The flexible freeze is a specific plan for limiting the growth of government spending. The basic concept is that total federal spending should not grow faster than inflation until government spending and revenue are brought back into balance. Tax revenues increase in a growing economy even when there are no increases in tax rates and no new taxes. So as long as the economy continues to grow, a freeze on the inflation-adjusted level of spending would eventually eliminate the deficit.
The difficulty of using a freeze plan to deal with the deficit is political rather than economic. The Bush plan recognizes that an across-the-board freeze on all spending programs would be politically impossible. That's why the plan includes flexibility, or the option for some programs to grow more rapidly than others as long as total spending just keeps pace with inflation. The flexible freeze, then, balances faster growth of spending in some areas with slower growth in others.

Of course, Bush broke his pledge in a deal he cut with the Democrats in an attempt to get a bipartisan budget reduction package to prevent a feared government shutdown that he thought he would be blamed for. Nothing much has changed on that front, has it?

A little over a week ago I also saw this news item that I thought was also interesting.

The John F. Kennedy Presidential Library and Museum today named Former President George H. W. Bush this year’s recipient of the John F. Kennedy Profile in Courage Award "in recognition of the political courage he demonstrated as President when he agreed to a 1990 budget compromise which reversed his 1988 campaign pledge not to raise taxes and put his re-election prospects at risk."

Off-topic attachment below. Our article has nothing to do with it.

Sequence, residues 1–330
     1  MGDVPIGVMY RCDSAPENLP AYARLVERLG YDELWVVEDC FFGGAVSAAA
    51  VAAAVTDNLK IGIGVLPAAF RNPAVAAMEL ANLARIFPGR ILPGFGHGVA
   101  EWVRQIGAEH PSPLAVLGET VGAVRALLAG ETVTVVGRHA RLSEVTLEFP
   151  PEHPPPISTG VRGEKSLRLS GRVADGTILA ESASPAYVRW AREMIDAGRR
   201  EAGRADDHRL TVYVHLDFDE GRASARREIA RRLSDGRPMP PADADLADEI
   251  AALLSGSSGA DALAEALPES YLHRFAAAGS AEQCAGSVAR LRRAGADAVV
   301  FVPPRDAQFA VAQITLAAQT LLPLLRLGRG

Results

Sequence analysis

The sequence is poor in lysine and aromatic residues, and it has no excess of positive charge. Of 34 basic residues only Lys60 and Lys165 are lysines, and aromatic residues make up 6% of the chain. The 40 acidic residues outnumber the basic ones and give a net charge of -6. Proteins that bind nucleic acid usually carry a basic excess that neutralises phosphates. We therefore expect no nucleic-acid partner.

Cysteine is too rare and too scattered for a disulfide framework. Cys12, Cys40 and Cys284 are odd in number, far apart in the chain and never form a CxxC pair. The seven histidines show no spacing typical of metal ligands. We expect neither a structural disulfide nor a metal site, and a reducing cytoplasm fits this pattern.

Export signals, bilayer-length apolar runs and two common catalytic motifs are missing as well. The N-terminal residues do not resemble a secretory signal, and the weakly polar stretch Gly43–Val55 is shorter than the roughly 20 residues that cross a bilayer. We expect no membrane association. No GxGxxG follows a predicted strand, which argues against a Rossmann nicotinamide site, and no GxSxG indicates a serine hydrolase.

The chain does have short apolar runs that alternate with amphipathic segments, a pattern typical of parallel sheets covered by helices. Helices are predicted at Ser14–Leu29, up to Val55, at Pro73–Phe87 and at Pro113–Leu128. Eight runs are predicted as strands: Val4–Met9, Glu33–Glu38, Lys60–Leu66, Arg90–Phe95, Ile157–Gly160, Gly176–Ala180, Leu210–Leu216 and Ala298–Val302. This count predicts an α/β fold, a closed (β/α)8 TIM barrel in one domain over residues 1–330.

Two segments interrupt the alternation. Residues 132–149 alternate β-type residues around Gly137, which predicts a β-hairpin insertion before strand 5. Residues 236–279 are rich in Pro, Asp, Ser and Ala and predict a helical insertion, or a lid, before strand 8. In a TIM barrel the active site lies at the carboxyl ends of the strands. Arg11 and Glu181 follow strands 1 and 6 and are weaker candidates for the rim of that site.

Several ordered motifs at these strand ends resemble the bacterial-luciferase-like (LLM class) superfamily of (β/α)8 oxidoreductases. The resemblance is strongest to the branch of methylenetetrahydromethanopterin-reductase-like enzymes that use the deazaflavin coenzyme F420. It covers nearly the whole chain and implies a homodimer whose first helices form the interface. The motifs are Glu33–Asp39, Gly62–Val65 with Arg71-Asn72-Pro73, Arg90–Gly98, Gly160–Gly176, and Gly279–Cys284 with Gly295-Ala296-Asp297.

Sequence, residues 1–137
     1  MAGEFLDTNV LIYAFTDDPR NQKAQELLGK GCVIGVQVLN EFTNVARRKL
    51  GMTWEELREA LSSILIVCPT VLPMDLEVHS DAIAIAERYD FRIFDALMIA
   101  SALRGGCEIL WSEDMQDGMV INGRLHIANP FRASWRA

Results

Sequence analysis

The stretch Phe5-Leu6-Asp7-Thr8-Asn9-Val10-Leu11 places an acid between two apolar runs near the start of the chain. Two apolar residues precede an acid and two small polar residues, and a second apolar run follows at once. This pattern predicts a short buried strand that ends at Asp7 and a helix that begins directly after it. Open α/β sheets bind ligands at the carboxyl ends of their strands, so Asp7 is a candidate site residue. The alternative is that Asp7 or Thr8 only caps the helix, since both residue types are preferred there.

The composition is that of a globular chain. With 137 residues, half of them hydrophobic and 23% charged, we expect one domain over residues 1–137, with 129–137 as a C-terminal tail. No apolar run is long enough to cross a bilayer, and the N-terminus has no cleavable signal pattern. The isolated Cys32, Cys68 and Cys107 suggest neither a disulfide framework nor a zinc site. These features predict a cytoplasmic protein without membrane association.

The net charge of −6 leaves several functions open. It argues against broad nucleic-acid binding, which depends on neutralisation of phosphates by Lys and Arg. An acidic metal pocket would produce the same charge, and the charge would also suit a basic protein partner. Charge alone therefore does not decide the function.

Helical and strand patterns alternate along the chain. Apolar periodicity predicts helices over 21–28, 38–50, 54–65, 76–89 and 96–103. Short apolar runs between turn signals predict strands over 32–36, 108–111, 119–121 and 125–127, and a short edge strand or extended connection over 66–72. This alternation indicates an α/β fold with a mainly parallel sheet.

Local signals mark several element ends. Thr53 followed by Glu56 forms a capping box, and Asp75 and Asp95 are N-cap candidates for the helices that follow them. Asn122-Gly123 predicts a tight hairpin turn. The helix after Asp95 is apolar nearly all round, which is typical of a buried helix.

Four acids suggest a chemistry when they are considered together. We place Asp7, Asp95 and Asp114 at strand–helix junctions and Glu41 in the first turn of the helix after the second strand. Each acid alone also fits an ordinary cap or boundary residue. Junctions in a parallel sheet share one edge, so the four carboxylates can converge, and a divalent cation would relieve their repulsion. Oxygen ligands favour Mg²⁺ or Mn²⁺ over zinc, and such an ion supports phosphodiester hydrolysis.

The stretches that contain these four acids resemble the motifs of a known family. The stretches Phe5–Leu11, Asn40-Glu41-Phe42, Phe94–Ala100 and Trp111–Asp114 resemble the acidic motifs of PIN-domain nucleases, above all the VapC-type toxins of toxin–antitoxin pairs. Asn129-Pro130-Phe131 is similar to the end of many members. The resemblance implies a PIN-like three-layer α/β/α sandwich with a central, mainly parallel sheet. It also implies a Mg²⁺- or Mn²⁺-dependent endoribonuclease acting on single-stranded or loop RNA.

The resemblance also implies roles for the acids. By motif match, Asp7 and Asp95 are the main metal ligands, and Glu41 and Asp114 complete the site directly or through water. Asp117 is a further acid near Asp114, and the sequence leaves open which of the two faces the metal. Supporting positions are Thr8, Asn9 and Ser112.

I greatly respect President Bush but there is no way he should get a Profile in Courage Award for reneging on a campaign promise and raising taxes.  He deserves it for his determination to free Kuwait from Saddam Hussein but not for taking the easy road out on trying to balance the budget.

Let's save the Profile in Courage Award to the first person in Washington who will actually implement a flexible freeze and stick to it. It is the only realistic way to get to a balanced budget. George Bush had the formula but lacked the faith and fortitude to follow through.

The numbers above tell the story. It is not magic.  It is math.  Spending has to be constrained to increases below the level of revenue growth in order for the budget to eventually be balanced.

Over time, there has always been plenty of money coming in. Innovation, ingenuity and productivity advances in the private sector has provided that. At the same time, Government has always had a problem of living within its our means no matter the amount of money flowing in.

Look again at the chart above that shows the steady, inexorable growth in federal outlays in constant dollars.  Where does it end?  If it doesn't, is it the end of US?